As I've mentioned before, there are dragons in our neighborhood. Okay, well, not really in our neighborhood but close enough. They like to race back and forth over the troll bridge at night, and you can see the trails of flame as they run. Of course, it's not really safe to go watch the dragons run around, because, well, they're dragons. Also, there's the troll. He's actually much more dangerous than they dragons, because, really, a human is not much of a meal for a dragon or, especially, a lot of dragons. But for a troll? Well... that's another story. And trolls come out at night, so it's just better to keep your distance. Remember the troll cave under the bridge?
Yes, that is stolen beer. Trolls like beer. Almost as much as they like people.
A couple of weeks ago, my daughter was woken up by a dragon hovering outside her window. It was breathing fire, and it was the sound that woke her up. Dragons are quite noisy when they breathe fire. My daughter was rather fascinated by the whole thing and called me to look. The dragon was a hovering just a couple of houses over periodically letting out jets of fire. I was so caught up in it that I forgot to get the camera. I mean, how do you tear yourself away from a sight like that even for just a moment to run off and get a camera?
My dog, on the other hand, was not fascinated my the dragon. She had followed me back to my daughter's room, and she did not like the dragon at all. She stood on my daughter's bed and barked and barked and barked. It was kind of amusing. It was also worrisome, because you don't really want a dragon to take notice of you, and having your dog crazy-barking at the dragon is not the best to go unnoticed. But, eventually, the dragon moved along, and all was well.
Several mornings later, though, as I was taking the dog out on her morning walk, there was a dragon flying by. It was breathing fire as it went, and the dog just did not like that. Fortunately, the dragon must have had other business, because it continued on its way. So did the dog... she continued on the way of the dragon, following along as best she could and barking barking barking. We didn't make it very far that morning, because, as soon as the dragon was far enough away that we could only barely hear the fire, the dog ran back home. I suppose she was so satisfied that she'd chased off a dragon that she'd forgotten the whole purpose the trip outside. You know, to take care of business. She had to go out again about 30 minutes later to take care of the business she'd earlier forgotten.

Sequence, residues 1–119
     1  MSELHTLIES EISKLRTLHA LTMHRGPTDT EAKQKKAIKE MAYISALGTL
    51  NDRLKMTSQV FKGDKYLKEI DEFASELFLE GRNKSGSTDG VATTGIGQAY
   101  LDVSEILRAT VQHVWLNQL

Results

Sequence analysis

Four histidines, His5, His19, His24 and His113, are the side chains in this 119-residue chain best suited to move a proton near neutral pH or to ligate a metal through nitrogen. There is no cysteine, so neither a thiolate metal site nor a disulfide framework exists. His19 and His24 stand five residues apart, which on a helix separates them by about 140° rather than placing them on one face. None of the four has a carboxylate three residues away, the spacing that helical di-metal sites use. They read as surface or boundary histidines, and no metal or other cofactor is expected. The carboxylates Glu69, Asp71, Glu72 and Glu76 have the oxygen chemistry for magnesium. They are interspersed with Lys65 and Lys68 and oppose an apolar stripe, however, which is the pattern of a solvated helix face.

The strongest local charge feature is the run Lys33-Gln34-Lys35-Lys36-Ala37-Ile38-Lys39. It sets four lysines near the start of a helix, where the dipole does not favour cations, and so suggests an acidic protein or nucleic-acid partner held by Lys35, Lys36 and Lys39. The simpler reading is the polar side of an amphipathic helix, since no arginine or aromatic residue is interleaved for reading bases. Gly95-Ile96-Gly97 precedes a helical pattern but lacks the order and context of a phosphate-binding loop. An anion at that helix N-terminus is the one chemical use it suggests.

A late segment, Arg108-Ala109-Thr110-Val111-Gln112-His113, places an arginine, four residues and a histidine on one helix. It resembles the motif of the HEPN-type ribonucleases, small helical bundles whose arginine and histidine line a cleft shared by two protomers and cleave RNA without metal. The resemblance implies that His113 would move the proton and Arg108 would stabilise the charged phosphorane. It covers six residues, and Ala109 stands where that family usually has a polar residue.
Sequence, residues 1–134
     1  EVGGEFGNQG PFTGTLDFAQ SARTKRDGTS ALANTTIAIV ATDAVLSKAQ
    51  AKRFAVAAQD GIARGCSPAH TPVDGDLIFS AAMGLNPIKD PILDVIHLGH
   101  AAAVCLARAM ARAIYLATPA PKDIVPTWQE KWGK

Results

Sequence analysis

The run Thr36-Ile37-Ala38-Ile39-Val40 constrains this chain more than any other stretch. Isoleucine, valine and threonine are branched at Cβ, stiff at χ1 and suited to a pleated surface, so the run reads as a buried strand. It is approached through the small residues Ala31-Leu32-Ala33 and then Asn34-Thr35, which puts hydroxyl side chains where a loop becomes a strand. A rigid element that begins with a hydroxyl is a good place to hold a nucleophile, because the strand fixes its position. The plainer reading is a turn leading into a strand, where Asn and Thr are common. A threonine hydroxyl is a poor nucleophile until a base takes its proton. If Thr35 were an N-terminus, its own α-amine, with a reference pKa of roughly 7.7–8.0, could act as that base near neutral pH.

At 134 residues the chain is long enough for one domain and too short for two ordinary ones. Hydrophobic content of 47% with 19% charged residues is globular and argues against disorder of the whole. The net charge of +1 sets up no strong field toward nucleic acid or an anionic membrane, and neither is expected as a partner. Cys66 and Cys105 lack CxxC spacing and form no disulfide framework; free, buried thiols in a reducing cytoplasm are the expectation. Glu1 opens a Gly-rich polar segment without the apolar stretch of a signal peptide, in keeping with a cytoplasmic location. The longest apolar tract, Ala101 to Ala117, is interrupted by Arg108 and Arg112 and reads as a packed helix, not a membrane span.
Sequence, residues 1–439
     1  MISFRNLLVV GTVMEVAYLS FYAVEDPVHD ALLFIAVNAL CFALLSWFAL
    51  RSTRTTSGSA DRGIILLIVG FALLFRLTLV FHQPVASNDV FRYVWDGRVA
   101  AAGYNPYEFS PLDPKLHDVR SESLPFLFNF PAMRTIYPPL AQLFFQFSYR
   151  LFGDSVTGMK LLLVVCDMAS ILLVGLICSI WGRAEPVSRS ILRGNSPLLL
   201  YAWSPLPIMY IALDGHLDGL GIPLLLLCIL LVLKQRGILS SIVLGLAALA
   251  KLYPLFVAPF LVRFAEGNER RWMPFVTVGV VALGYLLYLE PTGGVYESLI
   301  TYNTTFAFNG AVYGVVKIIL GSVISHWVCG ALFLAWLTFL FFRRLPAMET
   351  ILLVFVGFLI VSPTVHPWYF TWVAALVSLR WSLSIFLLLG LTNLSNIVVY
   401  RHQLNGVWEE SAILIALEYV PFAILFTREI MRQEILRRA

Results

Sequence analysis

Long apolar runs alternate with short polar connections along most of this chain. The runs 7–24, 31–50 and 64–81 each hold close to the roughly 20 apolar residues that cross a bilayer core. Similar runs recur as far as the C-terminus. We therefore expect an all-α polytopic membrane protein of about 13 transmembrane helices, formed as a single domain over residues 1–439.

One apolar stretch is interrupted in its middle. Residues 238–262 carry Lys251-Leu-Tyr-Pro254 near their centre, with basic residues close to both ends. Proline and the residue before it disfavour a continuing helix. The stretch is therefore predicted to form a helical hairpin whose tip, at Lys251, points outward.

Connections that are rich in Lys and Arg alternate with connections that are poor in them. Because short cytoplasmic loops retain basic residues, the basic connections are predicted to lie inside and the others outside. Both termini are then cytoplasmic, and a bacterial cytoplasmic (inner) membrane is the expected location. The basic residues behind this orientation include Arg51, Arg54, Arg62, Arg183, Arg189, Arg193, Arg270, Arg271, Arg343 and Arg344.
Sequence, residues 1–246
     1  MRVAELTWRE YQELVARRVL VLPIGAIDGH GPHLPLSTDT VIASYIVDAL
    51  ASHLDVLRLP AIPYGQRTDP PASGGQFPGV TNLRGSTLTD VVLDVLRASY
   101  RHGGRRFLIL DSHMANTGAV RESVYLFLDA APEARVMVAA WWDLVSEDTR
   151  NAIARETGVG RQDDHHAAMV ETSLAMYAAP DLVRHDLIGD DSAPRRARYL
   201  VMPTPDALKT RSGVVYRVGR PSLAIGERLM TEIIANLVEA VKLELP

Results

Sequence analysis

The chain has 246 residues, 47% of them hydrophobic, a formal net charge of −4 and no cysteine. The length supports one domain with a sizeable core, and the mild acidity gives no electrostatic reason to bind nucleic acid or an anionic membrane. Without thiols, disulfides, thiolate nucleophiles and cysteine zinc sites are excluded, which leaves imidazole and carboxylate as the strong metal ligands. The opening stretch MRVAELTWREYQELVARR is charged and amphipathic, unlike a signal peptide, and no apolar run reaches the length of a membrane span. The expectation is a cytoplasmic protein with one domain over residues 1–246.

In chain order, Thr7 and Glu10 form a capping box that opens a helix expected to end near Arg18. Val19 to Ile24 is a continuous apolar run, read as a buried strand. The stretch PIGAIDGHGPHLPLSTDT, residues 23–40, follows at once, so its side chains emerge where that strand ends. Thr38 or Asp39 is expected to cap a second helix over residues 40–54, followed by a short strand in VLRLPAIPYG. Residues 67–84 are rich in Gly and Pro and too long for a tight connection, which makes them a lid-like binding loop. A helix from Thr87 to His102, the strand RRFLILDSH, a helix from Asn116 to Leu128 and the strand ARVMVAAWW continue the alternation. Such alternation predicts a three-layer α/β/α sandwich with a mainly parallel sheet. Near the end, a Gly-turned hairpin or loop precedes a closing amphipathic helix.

This is my fearsome dragon chaser.
I also discovered how completely impossible it is to take a picture of something while the dog is trying to chase it. It's a good thing the camera has a wrist strap; that's all I can say.
But! You're in luck! A few days later, after getting the dog home from her walk, a few dragons flew overhead. Groups of people went out to watch, and the dog barked from inside the house. I think it must have been kind of crazy-making for her considering that there were five dragons making their way overhead, and she couldn't get at them. At any rate, because I wasn't trying to hold the dog, I was able to get my camera and take some pictures of the dragons for you.
The other three were a little too far off to get pictures good enough to post. That is, if you want a picture of more than a dot in the sky. Or a few dots in the sky.
The thing my daughter found most intriguing about the balloon outside her window was that she could see the people moving around in the basket, bending over and pointing at things, and blowing fire up into the balloon. Especially the fire part. She was sad when it moved away. The dog was not.
And here's the thing: in life, we often treat things the way my dog treats the balloons. It's just a hot air balloon, but my dog looks at it and sees a dragon. It's this huge threat up in the sky blowing fire, and she barks and barks at it and can't even remember to go potty when they're around. The balloons don't care a thing about my dog, don't even know my dog exists, but they take control of my dog's life when they're around. It's so easy to see things we don't understand and start barking at them to chase them away. Or rant about them on our blogs. Or eat a bucket of ice cream. Or hide under our covers.
There's a lot to be said for stepping back and taking another look at someone, some situation, some thing and figuring out what's going on with it before we raise our hackles and start barking. Sometimes, these things can become "friends" (yes, even situations can become friends), like the cat that my dog used to want to chase but now pals around with. Which is more due to the fact that the cat just decided to not be chased than anything else.
At any rate, a lot of things seem threatening, especially at first, but they aren't always threatening. Often, they don't even know we're there (like agents and publishers that we may decide have it out for us because they sent us a rejection letter). What we usually need to do is sit back and watch and pay attention and see what happens. Sometimes, these things turn out to be good and we should really be taking pictures of them. I guess the real message here is "be smarter than a dog."